In such a situation, brands and even more importantly those managing these brands need to work extremely hard for their communication to register. Despite being aware of the acute attention deficit some marketers go ahead and release sub-par communication, products and sub-optimal support.
Now one may argue that effective marketing need not necessarily be intelligent but it sure needs to be hard working. It cannot be denied that marketing must eventually end up moving the needle as far as a brand’s awareness, recall, preference, premium, profits, share etc. are concerned.
Often though marketing managers fall into the trap of creating a go to market plan simply because there must exist one. Succumbing to the pressures of fighting the competition, maintaining the share of voice, launching with full aplomb, keeping the channel partners satisfied do tick box but this approach is what breeds “Lazy Marketing”.
So here are 3 ½ signs of Lazy Marketing to watch out for. They might not exactly be as fundamental as the 4P’s but they are a good set of lead indicators if you are in the planning phase.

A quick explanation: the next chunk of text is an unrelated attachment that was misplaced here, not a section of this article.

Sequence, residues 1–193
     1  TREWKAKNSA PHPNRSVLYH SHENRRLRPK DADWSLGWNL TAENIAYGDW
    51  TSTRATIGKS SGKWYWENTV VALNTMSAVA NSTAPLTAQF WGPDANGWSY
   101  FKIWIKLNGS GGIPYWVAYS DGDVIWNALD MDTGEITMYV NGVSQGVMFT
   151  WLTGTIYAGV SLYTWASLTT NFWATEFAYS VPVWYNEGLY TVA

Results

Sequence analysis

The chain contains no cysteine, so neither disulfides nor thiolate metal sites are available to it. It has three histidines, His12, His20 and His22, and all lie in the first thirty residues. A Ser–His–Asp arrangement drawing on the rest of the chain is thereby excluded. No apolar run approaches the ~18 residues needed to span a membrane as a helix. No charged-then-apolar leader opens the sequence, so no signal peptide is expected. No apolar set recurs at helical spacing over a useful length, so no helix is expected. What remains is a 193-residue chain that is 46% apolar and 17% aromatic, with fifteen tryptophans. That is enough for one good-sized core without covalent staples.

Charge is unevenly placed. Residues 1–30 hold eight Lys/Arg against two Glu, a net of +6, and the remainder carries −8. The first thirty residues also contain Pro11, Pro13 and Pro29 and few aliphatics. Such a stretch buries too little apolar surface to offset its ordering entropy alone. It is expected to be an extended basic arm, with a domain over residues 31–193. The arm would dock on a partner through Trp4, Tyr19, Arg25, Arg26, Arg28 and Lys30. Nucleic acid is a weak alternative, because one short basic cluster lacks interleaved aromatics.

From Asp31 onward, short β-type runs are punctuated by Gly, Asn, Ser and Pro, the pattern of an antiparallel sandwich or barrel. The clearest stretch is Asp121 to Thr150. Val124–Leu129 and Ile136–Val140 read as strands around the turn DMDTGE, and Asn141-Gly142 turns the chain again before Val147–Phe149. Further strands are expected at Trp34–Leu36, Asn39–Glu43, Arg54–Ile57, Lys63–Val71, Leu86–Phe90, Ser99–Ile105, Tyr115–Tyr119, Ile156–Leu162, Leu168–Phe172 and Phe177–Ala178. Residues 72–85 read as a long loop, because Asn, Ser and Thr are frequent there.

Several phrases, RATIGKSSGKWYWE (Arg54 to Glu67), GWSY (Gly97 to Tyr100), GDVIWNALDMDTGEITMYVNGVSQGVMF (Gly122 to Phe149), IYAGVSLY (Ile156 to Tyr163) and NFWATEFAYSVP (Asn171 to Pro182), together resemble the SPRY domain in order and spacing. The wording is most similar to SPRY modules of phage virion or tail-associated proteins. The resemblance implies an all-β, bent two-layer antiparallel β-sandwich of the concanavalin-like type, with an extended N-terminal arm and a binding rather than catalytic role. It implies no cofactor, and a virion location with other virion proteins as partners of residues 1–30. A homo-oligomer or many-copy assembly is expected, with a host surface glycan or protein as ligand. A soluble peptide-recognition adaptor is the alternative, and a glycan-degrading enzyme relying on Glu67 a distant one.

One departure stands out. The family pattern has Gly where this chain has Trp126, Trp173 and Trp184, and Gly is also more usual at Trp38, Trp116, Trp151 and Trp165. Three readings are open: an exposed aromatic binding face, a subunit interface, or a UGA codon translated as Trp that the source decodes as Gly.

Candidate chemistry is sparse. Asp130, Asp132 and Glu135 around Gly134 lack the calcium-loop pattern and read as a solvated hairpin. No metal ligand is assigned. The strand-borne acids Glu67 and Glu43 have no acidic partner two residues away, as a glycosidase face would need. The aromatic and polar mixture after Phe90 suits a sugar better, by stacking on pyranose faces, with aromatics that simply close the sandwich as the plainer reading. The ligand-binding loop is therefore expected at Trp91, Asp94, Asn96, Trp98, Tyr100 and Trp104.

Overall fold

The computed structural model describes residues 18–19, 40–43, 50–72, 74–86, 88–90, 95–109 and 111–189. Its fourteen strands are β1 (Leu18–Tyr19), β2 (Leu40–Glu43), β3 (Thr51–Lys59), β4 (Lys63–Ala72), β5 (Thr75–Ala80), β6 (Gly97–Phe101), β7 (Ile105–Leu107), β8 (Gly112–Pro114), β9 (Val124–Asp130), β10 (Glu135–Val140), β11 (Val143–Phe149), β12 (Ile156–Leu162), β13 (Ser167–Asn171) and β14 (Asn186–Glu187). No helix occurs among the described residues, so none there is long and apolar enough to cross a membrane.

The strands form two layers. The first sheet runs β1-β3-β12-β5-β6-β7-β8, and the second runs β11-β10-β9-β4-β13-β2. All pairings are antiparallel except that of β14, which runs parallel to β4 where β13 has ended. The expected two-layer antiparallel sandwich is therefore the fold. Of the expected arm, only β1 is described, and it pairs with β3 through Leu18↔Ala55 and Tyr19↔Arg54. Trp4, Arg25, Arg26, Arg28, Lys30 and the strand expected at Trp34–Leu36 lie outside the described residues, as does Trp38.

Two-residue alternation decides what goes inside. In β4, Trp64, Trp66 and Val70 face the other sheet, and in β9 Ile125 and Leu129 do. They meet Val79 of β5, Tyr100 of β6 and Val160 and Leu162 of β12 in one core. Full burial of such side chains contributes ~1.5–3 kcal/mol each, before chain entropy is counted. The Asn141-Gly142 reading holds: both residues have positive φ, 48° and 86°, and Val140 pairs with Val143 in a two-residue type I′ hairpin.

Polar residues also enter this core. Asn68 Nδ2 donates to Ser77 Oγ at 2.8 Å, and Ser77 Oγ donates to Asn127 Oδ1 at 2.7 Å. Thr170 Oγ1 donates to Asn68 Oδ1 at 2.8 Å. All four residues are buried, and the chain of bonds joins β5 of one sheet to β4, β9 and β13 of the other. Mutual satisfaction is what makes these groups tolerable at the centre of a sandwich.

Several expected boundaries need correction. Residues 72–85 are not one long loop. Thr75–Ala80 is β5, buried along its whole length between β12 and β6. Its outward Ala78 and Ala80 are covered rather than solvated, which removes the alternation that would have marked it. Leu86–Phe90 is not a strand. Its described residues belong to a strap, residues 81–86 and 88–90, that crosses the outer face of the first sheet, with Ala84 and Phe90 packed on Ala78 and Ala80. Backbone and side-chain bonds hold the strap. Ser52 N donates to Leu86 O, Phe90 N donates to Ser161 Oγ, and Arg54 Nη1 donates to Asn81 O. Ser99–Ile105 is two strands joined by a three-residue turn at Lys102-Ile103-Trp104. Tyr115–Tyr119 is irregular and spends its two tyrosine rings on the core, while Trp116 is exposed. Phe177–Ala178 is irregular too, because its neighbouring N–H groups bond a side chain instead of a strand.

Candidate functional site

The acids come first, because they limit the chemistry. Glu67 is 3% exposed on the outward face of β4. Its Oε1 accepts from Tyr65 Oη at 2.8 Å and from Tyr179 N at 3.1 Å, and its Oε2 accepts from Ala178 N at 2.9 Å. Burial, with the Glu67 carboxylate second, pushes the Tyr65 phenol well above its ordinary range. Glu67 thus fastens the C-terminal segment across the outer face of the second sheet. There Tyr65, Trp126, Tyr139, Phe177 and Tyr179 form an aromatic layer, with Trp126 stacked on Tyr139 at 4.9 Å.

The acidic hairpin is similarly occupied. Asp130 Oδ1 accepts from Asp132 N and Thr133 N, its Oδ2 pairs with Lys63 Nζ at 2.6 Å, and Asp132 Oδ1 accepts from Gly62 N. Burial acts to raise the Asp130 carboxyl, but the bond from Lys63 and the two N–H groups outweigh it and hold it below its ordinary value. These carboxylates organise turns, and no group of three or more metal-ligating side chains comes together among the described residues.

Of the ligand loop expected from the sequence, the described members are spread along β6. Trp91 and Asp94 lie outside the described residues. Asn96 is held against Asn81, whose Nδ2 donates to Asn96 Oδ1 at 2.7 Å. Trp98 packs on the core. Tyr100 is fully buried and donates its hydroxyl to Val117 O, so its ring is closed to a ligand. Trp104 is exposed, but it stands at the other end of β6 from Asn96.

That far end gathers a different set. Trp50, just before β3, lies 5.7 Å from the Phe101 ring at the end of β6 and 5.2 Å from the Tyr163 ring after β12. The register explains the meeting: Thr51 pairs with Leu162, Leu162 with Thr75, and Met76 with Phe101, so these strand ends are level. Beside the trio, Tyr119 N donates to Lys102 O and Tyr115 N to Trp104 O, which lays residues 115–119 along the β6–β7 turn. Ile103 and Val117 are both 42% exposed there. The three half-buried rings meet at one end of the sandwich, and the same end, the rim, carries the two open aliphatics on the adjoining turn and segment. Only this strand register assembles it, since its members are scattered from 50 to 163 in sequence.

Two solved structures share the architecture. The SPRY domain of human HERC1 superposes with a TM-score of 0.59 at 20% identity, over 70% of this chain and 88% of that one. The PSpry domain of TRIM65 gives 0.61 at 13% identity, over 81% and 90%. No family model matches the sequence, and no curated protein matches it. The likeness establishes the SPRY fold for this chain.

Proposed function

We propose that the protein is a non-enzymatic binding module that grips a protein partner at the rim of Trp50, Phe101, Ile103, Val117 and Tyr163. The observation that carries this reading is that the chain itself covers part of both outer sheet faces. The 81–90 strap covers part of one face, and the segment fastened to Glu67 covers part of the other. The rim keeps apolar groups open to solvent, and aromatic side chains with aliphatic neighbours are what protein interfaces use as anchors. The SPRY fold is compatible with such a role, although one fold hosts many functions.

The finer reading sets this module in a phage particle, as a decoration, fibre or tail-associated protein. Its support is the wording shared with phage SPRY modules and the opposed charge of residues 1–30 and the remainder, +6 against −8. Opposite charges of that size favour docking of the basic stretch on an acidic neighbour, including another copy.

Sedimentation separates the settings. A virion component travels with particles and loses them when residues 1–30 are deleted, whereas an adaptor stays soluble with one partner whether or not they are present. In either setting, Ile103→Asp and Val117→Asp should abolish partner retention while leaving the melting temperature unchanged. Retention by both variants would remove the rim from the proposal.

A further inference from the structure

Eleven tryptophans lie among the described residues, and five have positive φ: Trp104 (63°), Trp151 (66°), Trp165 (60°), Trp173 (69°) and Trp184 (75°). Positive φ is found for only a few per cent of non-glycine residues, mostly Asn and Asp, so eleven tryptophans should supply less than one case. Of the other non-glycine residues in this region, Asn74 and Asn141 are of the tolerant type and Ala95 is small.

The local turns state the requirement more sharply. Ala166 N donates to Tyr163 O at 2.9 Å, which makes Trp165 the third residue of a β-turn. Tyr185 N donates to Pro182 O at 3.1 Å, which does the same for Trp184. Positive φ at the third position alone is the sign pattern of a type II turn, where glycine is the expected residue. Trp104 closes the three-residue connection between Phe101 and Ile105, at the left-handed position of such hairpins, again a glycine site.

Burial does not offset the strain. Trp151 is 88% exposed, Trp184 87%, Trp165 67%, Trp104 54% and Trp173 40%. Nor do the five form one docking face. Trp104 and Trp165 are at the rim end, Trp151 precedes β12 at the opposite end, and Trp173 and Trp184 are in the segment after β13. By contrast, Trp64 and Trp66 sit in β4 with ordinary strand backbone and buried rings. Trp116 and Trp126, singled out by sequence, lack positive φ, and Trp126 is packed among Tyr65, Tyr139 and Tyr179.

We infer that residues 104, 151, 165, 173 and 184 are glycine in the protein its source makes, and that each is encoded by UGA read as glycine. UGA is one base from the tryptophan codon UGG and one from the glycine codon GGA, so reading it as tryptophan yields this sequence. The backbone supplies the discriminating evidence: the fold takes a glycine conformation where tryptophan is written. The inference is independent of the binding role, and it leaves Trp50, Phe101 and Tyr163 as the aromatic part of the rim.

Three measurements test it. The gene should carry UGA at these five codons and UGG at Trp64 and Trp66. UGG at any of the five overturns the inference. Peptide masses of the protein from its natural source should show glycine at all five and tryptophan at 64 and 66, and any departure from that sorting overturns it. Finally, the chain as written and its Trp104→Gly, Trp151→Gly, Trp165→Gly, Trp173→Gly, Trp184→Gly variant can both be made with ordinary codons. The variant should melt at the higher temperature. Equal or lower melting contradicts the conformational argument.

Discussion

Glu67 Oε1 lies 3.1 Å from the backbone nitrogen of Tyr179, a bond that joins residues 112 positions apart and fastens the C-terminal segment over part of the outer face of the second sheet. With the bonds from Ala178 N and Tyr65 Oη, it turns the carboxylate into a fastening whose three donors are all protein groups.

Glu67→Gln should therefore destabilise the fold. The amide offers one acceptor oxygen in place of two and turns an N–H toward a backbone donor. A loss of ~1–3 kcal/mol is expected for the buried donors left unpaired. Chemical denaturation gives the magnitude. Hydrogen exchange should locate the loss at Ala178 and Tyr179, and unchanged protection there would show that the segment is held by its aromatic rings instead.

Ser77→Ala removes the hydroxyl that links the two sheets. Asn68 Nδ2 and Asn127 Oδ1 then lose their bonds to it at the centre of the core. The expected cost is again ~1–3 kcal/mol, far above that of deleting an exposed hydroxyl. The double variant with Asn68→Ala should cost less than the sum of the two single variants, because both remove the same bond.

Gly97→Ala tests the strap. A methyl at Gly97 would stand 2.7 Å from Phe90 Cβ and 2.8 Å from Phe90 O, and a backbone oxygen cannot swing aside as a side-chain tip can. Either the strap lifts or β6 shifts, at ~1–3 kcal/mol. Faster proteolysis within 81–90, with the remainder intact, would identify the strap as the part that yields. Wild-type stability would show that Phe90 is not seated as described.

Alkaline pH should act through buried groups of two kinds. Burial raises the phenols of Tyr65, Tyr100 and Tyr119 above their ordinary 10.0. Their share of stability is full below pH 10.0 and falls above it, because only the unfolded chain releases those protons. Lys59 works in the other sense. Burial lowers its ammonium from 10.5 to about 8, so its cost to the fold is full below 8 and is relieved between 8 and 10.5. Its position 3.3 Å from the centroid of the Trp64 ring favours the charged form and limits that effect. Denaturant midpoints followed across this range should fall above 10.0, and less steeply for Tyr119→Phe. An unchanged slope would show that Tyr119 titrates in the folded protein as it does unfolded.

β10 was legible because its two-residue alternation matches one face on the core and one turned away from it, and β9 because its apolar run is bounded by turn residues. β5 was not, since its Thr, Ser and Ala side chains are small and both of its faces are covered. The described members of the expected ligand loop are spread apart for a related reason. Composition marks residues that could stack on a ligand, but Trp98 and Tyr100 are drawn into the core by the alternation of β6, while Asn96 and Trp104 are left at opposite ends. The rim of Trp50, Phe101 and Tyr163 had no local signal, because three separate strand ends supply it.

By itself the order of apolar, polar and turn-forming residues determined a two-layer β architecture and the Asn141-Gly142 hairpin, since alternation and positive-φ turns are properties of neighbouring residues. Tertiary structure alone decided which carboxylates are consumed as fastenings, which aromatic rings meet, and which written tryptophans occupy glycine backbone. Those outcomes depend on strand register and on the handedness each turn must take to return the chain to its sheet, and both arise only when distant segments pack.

If a product is just about being bigger, better, faster, more as compared what competition has to offer then you know that there is little differentiation involved. So if you hear better mileage, smoother ride or larger, brighter display you know!
Most marketers seem to have forgotten about using pricing as lever. If ever they do it’s a defensive move which more often than not says “Hey I am not really sure if my product is better than the other guy, but I am lower priced”. When they do price higher they go on a justification trip. Pricing should signal value and if it doesn’t someone is being lazy.
Let’s face it there are only so many ways of doing things and innovation is a stranger who comes into town very rarely. But the worst thing all of us as marketers can do is feeding the fad. Can’t come up with a good activation “Let’s do a flash mob”. Want to get some consumer interaction going “Let’s get people to post selfies!” Ideas do not need to be novel nor do they need to be in vogue, they need to relevant.
And now for the ½ sign
Marketers must work hard if they want to get this piece right. Yes the decisions get made based on the wisdom at their disposal but never ever should a product or brand allow itself to be carried by a celeb. History is replete with examples that shout out “If the product isn’t great or the story is weak the celeb cannot do it for you.”